Dirk Zeinstra, a mechanical engineer, worked for Shell's global operations for 25 years. In 2000, he started work as a vibration specialist with Beizein, in the Netherlands. Initially Zeinstra focused on machinery vibrations but shifted his attention to the impact of vibrations on people in 2004.
Many kinds of machinery, including forklifts, create vibrations. Vibrations can negatively impact on employees' bodies and sometimes cause permanent disability.
Beizein measures, analyses and calculates the amount of shock and vibration workers receive when working with machinery in factories or small businesses that use production machines like grinders, saws and forklifts.
Employees can suffer painful cramps and lose sensitivity in fingers, hands and arms when exposed to vibration and shocks from machinery. Long-term exposure can lead to knuckle problems and aches in hands, wrists and shoulders. The vibration from tools can narrow blood vessels, resulting in a limited blood flow. Fingers turn white and feel painful. In cold weather, affected body parts ache for short or long periods. The effects are irreversible.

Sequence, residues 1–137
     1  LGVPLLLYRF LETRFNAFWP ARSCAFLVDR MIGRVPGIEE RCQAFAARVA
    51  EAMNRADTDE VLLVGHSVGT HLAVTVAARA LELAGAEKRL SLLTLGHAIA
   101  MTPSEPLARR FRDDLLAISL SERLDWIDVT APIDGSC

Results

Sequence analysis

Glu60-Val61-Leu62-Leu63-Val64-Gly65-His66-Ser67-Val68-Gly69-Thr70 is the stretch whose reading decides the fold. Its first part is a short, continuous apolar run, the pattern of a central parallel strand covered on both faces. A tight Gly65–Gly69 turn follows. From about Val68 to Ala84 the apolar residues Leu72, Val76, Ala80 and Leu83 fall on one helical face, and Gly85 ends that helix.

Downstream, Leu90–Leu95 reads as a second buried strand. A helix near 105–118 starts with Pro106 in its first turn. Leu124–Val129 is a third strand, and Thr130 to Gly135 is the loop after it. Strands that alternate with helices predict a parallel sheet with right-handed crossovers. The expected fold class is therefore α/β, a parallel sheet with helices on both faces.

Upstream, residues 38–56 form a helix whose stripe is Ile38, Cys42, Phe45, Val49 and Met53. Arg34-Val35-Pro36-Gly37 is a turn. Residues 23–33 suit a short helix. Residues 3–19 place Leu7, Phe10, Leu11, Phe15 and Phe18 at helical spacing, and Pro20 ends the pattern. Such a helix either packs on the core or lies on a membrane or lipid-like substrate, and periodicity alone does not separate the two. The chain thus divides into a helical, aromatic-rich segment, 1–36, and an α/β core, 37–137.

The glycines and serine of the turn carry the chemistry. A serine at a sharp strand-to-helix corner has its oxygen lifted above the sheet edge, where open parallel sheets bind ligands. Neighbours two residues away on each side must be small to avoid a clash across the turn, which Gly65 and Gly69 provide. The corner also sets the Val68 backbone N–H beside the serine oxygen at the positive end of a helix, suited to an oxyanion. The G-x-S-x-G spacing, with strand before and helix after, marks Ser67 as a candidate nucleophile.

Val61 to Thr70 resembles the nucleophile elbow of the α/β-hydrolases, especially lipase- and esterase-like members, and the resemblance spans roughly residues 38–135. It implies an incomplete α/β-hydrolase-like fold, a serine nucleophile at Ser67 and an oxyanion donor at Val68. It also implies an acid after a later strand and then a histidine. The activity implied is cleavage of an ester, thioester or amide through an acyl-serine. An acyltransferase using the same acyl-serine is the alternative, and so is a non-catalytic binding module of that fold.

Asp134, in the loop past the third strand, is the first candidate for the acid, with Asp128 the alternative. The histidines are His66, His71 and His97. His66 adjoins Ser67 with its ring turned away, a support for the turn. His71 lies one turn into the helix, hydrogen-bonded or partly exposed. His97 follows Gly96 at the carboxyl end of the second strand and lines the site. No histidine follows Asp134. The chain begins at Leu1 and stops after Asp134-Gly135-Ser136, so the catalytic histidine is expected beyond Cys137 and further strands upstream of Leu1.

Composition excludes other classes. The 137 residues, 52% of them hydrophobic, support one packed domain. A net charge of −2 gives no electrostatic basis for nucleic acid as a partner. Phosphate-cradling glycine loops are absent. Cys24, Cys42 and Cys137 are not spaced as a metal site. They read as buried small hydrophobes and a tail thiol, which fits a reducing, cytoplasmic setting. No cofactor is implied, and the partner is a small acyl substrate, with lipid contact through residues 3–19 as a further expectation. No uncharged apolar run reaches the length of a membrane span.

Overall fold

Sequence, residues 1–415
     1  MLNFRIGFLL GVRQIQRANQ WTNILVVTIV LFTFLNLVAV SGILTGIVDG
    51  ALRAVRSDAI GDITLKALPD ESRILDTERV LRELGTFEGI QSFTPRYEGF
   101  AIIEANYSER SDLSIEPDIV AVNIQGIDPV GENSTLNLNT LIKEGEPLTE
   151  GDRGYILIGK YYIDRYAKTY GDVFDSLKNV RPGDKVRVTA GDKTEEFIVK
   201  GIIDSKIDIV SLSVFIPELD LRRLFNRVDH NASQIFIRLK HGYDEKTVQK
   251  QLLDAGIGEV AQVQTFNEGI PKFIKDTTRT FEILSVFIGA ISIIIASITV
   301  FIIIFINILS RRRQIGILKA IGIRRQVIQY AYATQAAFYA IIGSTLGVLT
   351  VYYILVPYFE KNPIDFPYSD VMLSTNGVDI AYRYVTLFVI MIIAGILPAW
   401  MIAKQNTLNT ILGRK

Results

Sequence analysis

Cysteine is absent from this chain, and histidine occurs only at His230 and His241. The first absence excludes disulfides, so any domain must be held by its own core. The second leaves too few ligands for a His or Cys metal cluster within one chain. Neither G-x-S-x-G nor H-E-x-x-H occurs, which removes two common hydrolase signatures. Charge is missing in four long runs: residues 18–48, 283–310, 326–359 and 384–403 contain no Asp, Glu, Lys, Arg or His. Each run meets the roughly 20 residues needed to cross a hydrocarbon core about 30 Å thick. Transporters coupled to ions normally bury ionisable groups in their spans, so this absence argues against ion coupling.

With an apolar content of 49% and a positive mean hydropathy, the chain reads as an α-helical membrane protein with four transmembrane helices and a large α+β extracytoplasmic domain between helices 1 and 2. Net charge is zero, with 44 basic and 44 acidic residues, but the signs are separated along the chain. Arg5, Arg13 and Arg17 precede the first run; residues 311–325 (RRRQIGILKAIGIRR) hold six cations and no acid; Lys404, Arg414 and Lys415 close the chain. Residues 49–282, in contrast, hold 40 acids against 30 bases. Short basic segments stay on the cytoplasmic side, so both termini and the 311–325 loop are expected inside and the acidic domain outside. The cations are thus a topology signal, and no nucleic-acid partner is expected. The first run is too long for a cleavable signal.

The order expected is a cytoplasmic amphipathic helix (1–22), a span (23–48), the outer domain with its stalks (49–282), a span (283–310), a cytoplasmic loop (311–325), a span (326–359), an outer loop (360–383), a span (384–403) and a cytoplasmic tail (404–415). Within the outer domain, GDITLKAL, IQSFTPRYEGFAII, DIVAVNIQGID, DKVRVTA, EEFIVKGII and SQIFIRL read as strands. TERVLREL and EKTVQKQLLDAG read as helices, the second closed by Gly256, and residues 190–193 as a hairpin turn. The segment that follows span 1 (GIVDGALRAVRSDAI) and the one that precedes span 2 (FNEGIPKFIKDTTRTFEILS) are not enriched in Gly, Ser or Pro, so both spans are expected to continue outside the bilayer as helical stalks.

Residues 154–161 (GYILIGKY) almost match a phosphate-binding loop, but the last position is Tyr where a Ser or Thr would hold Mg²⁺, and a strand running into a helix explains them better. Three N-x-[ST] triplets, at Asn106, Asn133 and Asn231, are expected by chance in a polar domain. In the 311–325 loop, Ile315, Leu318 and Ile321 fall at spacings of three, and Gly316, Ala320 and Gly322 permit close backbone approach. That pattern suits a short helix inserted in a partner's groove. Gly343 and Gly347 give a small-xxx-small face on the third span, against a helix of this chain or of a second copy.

Continuing to use vibrating machinery can cause numbness in employees' fingers. "Dead fingers" result from deformation of small nerves. Once an employee suffers hand-arm vibration syndrome (HAVS), their fingers and hands lose sensitivity. As the symptoms slowly increase in severity, the individual will notice a reduced grip force and less flexibility in their hands.
Other symptoms of exposure to body vibration are tiredness, nausea, blindness, dizziness, back problems, seasickness, reduced accuracy and dislocation of internal organs. Arthritis is a major problem, especially for forklift drivers.
Forklift drivers should be encouraged to drive in a style that minimises exposure to shock and vibration. They should drive slowly and handle loads carefully. Forklifts can be equipped with better tyres and seats to provide comfort for drivers. Other solutions include changing forklift drivers' routes and improving road conditions (potholes, road bumps, etc) caused by normal wear and tear. Employers need to be aware of drivers' conditions as exposure to shock and vibration is serious.
In June 2005, a new European directive was introduced to compel employers to add limb and body vibration in employee risk inventories and evaluation. European directive 89/391/EEC, article 16, paragraph 1, compels machinery and tool manufacturers to bring vibration to the lowest possible levels. Manufacturers must incorporate vibration levels into user guidelines for each tool. Vibration is measured in m/sec2 for eight hour (A8) daily doses. When the 0.5m/sec2 (A8) threshold is passed, the body must be protected. When 2.5m/sec2 (A8) is passed, hands and arms must be protected. When those values are exceeded, manufacturers and employers must show workplace safety regulators they have plans in place to reduce employee exposure to vibration.